February is Book Month on A Daily Dose of Architecture. The "28 in 28" series features a different book every day of the month.
Le Corbusier Redrawn: the Houses by Steven Park
Princeton Architectural Press, 2012
Paperback, 240 pages
The value of precedents in architectural education is undeniable. Even as innovation in form-making is still championed by the press and many architects, most of what is designed today is based on what has been done in the past. It could even be argued that it is impossible to create something new, that everything is only a synthesis of past buildings. Whatever the case, one of the mainstays of architectural education is the precedent study, often involving the redrawing of a design through orthogonal drawings (plan, elevation, section) and three-dimensional representations (perspective, axonometrics). Teaching a first-year drawing class about a year ago reminded me of the importance of redrawing a building by hand, an action that allows the design to be more readily understood by the student drawing it. As walls, doors, windows, patterns, and other lines are traced, their meaning should follow.
Or at least such learning by drawing is the ideal. But my teaching experience made me realize that it is increasingly difficult to maintain a student's interest in hand drawing today. This is not a universal statement, but the impact of technology on architectural production and education (and student's brains) is hard to deny. Drawing by hand is still important for being a good architect (see Juhani Pallasmaa's The Thinking Hand for a good argument of such), but it is not the only way to understand buildings; it is not the only way to redraw a precedent.
The first of what I'm guessing is a series of books of Le Corbusier buildings "redrawn" by Steven Park (the Houses subtitle implies as much) raises this question, for the plans, sections, elevations, perspectives, and so forth look like they are generated by 3-D models instead of being drafted, by hand or CAD. Park does not indicate exactly how he has done the drawings, but the book nevertheless makes me wonder if modeling buildings as precedents instills the same (or more) understanding as drawing by hand. Students would be forced to construct and experience the building as a three-dimensional entity, rather than as 2-D projections and 3-D representations, and that seems valuable as a means of learning computer modeling while absorbing architectural precedents.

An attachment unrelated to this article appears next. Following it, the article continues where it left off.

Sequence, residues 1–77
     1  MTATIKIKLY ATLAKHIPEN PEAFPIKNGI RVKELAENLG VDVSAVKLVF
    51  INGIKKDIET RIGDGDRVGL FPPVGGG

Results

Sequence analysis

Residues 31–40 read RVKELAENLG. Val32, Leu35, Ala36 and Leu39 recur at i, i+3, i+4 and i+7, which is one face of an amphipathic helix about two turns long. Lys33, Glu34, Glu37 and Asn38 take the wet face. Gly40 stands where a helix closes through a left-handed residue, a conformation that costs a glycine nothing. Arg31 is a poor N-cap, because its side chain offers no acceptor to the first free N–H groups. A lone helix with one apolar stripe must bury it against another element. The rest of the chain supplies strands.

Park's book focuses on sectional perspectives as a means of aiding the understanding of Le Corbusier's residential commissions. As Park describes it, "By depicting in a single view multiple spaces within the building envelope, sectional perspectives create a sense of movement through a sequence of spaces and reveal their interrelationships within the overall spatial hierarchy." This is especially true of Corbu's designs, where the promendade architecturale was paramount. The sectional perspective through Villa Savoye's ramp, which graces the cover, is a great example, as it shows the ribbon windows, curving glass wall on the ground floor, and the way the enclosure shapes the rooftop space. These and other aspects of the design can be grasped with a 2-D building section, just not as readily as in a sectional perspective.
Beyond the notions of what the drawings may point to relative to architectural education, or their value as tools for understanding Corbusier's buildings, Park's book is extremely valuable for collecting 26 of the architect's houses in one place, with orthographic drawings all to the same scale. The sectional perspectives are extremely well done, but they would be incomplete without these 2-D drawings, especially the floor plans. Of course, as Park points out in his preface, the drawings cannot be a substitute for "walking through a building, measuring its dimensions with hands and arms ... [grasping] the relationship between the representation and reality." Yes, such is the case with all architecture, but even for moments after one has been able to visit one of Corbusier's houses, this book is a great collection of his great houses.